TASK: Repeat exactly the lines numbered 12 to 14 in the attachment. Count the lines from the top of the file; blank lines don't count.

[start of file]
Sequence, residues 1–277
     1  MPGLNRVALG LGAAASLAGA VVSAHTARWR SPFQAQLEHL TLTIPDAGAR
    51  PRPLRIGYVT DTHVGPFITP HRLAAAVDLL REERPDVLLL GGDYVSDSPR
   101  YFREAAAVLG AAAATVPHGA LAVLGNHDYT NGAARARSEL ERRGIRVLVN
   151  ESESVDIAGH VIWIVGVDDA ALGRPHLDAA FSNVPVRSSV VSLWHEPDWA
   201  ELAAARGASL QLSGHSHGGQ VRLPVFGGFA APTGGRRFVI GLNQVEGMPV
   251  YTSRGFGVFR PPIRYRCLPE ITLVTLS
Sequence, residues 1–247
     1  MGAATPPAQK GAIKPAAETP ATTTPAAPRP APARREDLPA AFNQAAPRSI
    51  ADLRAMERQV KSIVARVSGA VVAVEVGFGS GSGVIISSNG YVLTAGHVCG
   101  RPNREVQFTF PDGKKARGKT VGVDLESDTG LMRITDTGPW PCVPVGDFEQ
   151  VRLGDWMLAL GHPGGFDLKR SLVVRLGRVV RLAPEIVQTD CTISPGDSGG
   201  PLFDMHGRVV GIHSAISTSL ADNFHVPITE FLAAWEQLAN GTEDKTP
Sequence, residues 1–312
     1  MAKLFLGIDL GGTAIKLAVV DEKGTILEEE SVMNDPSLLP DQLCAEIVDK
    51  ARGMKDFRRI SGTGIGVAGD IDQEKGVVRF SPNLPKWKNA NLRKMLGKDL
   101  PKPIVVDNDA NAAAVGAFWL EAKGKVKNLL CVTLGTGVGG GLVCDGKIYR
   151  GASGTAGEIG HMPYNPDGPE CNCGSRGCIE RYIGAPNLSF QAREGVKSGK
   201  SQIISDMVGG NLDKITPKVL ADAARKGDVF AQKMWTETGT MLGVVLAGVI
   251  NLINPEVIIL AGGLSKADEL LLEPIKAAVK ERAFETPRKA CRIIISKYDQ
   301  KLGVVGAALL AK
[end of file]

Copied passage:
   151  VRLGDWMLAL GHPGGFDLKR SLVVRLGRVV RLAPEIVQTD CTISPGDSGG
   201  PLFDMHGRVV GIHSAISTSL ADNFHVPITE FLAAWEQLAN GTEDKTP
Sequence, residues 1–312